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Pete DePaolo

American Government Special Collections Reference Desk

Pre-WWII Racing

Pete DePaolo
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Wikipedia: Pete DePaolo

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Born: 6 April 1898
Died: 26 November 1980

Former race car driver, winner of the 1925 Indianapolis 500, and nephew of Ralph DePalma.

Biography

The following section is an excerpt from Wikipedia's Pete DePaolo page on 7 May 2019, text available via the Creative Commons Attribution-ShareAlike 3.0 Unported License.

He was born on April 6, 1898 in Roseland, New Jersey. Pete saw his first race in 1919, where he watched his uncle Ralph DePalma win as his riding mechanic.[1] He drove in the 1922 Indianapolis 500 finishing 4th. DePaolo had his worst career injury at the Kansas City board track; his car rolled four times.[1] He ended up spending three weeks in the hospital after losing two teeth and his face was severely cut up.[1] His riding mechanic Cotton Henning spent several months in the hospital with broken ribs and one ankle.[1]

He pulled out to a huge lead in the 1925 Indianapolis 500. DePaolo's strategy in the race was to run the left side tires in the oil slick on the middle the track for two laps then runs his right side tires in the oil slick for two laps.[1] His fingers became badly blistered around the midpoint of the race, and car owner Fred Duesenberg pulled DePaolo out of the car in favor of Norm Batten.[1] DePaolo had his hands repaired in the infield care center, and returned in the car after missing 21 laps.[1] He had dropped to fifth. He raced his way to the win on his way to the series drivers championship. The race was the first Indianapolis 500 to average over 100 miles per hour (101.270 mph). Pete did not consider this to be his greatest win (since he was replaced for 21 laps). Pete becomes the first driver to average more than 100 mph at the Indianapolis 500, recording 101.13 in his Duesenberg, 1925.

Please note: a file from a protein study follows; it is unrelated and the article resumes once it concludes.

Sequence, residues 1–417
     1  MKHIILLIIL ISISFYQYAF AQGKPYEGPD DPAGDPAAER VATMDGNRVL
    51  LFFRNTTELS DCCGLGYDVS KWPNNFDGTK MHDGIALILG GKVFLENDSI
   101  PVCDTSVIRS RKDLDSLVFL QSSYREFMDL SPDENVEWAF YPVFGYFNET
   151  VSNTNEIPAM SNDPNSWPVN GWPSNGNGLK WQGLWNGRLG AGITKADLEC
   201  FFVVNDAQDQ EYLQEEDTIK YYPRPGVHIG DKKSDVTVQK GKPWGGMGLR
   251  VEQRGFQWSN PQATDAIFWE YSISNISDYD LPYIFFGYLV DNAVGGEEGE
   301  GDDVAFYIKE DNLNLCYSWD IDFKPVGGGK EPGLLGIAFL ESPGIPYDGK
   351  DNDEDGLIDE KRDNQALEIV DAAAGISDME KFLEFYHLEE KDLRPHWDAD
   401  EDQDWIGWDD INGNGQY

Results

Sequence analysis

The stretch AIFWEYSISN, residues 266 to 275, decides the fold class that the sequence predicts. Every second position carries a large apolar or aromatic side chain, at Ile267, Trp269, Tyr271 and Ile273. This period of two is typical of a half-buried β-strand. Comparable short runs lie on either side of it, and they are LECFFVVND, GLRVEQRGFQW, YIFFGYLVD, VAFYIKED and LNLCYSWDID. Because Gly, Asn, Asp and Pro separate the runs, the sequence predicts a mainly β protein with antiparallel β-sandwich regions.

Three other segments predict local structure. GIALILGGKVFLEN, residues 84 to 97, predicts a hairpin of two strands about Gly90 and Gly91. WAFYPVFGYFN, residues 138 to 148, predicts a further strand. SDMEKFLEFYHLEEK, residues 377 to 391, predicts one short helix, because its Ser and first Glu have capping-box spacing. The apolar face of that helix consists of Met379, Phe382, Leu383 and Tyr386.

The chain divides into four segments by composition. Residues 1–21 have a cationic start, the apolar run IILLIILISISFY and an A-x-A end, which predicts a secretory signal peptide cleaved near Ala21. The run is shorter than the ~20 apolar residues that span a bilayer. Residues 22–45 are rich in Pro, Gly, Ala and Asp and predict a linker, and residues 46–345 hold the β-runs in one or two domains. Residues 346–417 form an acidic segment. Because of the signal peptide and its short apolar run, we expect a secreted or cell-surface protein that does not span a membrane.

He began his only team in 1927. He finished second in the 1927 Indianapolis 500, and added two wins on his way to the series drivers championship.

In 1934, DePaolo drove the Harry Miller four wheel drive race car in races throughout Europe and Africa. At the Avus course, near Berlin, while leading the race in a down pour, his engine threw 2 connecting rods which narrowly missed hitting Adolph Hitler in his track side box seat.

He decided to retire after he was in a coma for 11 days after crashing in Spain in 1934. He sang Back Home Again In Indiana in 1971. As of 2018, he was the only driver to sing the song prior to the Indianapolis 500.

He died on November 26, 1980 at age 82.


Images

Pete DePaolo in 1925 1925
View photo of Pete DePaolo in 1925 - 133KB
Pete DePaolo in 1925 10 July 1925
National Photo Company
View photo of Pete DePaolo in 1925 - 3.5MB
Pete DePaolo in 1926 From Le Miroir des sports, 17 juillet 1926, p.79
View photo of Pete DePaolo in 1926 - 157KB
Hot Rods and Racing Cars: Issue 2 Hot Rods and Racing Cars #2, January 1952
View Hot Rods and Racing Cars: Issue 2 - 775KB
Hot Rod and Speedway Comics: Issue 1 Hot Rod and Speedway Comics: #1, February 1952
View Hot Rod and Speedway Comics: Issue 1 - 988KB
Hot Rods and Racing Cars: Issue 3 Hot Rods and Racing Cars #3, March 1952
View Hot Rods and Racing Cars: Issue 3 - 945KB
Hot Rods and Racing Cars: Issue 3 Hot Rods and Racing Cars #3, March 1952
View Hot Rods and Racing Cars: Issue 3 - 998KB
Hot Rods and Racing Cars: Issue 3 Hot Rods and Racing Cars #3, March 1952
View Hot Rods and Racing Cars: Issue 3 - 1.0MB


Article Index

DateArticleAuthor/Source
30 November 1925DE POLO IS CHAMPION 1925 AUTOMOBILE RACERThe Ludington Daily News


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